At the prompting of one outspoken reader, here’s a little more about the latest debate going on with the Atlantic Yards Project.
Years ago, Barclays Bank in England was involved in the slave trade and did business with South Africa during apartheid. Today, they’ve got the naming rights for the stadium that’s part of the massive Atlantic Yards Project in Brooklyn.
Critics have seized on this as more evidence that Bruce Ratner’s project is at odds with needs and sensitivities of the local community. Here’s a statement sent over to me by Daniel Goldstein of the opposition group Develop Don’t Destroy Brooklyn:
“In addition to the concerns about the Ratner deal with Barclays raised by our elected representatives-Councilmembers James, Jeffries, Barron-Mr. Green, and Reverend Daughtry, there is also concern about Ratner reaping all of the $300 million for the naming-rights of a publicly funded arena; an arena which is hypothetical as its viability is currently under review by a federal court in an eminent domain lawsuit.”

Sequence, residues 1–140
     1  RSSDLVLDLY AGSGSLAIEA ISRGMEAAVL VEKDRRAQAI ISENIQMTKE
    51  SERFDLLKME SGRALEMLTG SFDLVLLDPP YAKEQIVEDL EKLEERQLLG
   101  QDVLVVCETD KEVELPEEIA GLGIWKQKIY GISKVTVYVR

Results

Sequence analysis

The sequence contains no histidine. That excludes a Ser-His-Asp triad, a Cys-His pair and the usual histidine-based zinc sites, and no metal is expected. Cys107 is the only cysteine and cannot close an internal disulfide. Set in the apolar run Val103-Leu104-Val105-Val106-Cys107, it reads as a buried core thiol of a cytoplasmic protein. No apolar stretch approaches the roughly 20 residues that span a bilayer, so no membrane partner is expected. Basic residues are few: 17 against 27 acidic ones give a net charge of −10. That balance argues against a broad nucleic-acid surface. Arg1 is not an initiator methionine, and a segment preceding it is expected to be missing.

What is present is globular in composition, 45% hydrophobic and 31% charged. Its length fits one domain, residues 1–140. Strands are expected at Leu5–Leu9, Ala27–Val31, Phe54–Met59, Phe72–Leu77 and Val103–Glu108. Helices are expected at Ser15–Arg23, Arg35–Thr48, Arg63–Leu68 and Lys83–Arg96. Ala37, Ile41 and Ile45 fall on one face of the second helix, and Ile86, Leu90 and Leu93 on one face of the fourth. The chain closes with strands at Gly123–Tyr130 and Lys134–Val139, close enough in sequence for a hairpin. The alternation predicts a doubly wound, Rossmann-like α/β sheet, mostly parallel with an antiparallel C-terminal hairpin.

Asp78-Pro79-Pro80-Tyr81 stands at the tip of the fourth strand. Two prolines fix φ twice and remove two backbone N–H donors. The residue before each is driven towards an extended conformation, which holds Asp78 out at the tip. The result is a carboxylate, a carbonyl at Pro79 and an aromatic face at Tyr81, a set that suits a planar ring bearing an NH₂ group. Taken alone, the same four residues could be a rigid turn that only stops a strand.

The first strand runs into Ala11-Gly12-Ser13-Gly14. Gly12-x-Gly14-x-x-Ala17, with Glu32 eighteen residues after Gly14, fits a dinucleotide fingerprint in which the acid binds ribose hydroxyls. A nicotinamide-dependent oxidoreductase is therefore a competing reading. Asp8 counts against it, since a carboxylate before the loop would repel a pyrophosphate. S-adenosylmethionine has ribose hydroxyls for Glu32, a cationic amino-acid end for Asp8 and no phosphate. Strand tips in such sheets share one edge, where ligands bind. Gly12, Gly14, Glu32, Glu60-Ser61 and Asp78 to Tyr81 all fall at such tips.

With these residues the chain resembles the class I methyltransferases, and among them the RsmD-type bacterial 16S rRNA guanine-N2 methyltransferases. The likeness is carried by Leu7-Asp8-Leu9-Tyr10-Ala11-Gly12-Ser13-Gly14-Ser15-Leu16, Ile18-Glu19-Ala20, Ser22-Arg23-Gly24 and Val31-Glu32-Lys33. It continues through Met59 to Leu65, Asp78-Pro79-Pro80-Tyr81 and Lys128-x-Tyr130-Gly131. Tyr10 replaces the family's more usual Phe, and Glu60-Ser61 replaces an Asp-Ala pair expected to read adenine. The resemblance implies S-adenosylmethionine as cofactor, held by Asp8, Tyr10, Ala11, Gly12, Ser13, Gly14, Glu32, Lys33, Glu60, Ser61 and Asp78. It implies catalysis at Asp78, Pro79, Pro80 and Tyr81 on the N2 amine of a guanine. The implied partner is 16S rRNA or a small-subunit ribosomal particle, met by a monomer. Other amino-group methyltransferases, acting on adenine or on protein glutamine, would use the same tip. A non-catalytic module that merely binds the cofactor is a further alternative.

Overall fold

Monetary questions aside, is the name of the stadium a relevant point?
Daily News man Errol Louis, who is responsible for prompting the most recent mini-debate, says that it isn’t. Yesterday, he wrote:
“If the critics are serious about removing the names of slave-linked institutions from public view, they have a lot of work to do. Peter Stuyvesant (as in Stuy-Town, Bed-Stuy and Stuyvesant High) owned 50 slaves. George Washington (Washington Ave., Washington Street, Washington Heights, etc.) owned upward of 200. Chase sponsors dozens of community events in every corner of the city. Where does it end?”
It seems like a reasonable question. Does anyone have an answer?
— Azi Paybarah